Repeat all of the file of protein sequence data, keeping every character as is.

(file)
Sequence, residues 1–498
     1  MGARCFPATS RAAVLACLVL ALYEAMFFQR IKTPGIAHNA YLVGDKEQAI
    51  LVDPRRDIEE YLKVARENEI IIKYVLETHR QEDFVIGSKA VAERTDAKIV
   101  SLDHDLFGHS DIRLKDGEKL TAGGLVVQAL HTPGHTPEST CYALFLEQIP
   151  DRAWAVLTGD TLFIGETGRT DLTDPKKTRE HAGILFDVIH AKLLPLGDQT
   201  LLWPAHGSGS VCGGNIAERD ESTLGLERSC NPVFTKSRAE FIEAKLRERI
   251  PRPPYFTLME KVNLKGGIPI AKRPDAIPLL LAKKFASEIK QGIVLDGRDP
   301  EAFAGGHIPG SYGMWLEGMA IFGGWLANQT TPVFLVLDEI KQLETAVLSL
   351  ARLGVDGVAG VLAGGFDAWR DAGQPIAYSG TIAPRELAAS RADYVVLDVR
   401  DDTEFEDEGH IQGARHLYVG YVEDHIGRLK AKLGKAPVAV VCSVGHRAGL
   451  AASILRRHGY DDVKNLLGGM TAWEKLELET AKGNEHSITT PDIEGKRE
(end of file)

Sequence, residues 1–498
     1  MGARCFPATS RAAVLACLVL ALYEAMFFQR IKTPGIAHNA YLVGDKEQAI
    51  LVDPRRDIEE YLKVARENEI IIKYVLETHR QEDFVIGSKA VAERTDAKIV
   101  SLDHDLFGHS DIRLKDGEKL TAGGLVVQAL HTPGHTPEST CYALFLEQIP
   151  DRAWAVLTGD TLFIGETGRT DLTDPKKTRE HAGILFDVIH AKLLPLGDQT
   201  LLWPAHGSGS VCGGNIAERD ESTLGLERSC NPVFTKSRAE FIEAKLRERI
   251  PRPPYFTLME KVNLKGGIPI AKRPDAIPLL LAKKFASEIK QGIVLDGRDP
   301  EAFAGGHIPG SYGMWLEGMA IFGGWLANQT TPVFLVLDEI KQLETAVLSL
   351  ARLGVDGVAG VLAGGFDAWR DAGQPIAYSG TIAPRELAAS RADYVVLDVR
   401  DDTEFEDEGH IQGARHLYVG YVEDHIGRLK AKLGKAPVAV VCSVGHRAGL
   451  AASILRRHGY DDVKNLLGGM TAWEKLELET AKGNEHSITT PDIEGKRE